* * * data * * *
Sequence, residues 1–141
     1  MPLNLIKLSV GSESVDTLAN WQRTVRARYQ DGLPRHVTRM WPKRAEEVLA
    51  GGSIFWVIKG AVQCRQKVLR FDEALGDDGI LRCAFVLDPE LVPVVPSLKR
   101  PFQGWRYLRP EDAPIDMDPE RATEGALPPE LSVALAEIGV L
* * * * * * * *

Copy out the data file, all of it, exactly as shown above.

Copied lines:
Sequence, residues 1–141
     1  MPLNLIKLSV GSESVDTLAN WQRTVRARYQ DGLPRHVTRM WPKRAEEVLA
    51  GGSIFWVIKG AVQCRQKVLR FDEALGDDGI LRCAFVLDPE LVPVVPSLKR
   101  PFQGWRYLRP EDAPIDMDPE RATEGALPPE LSVALAEIGV L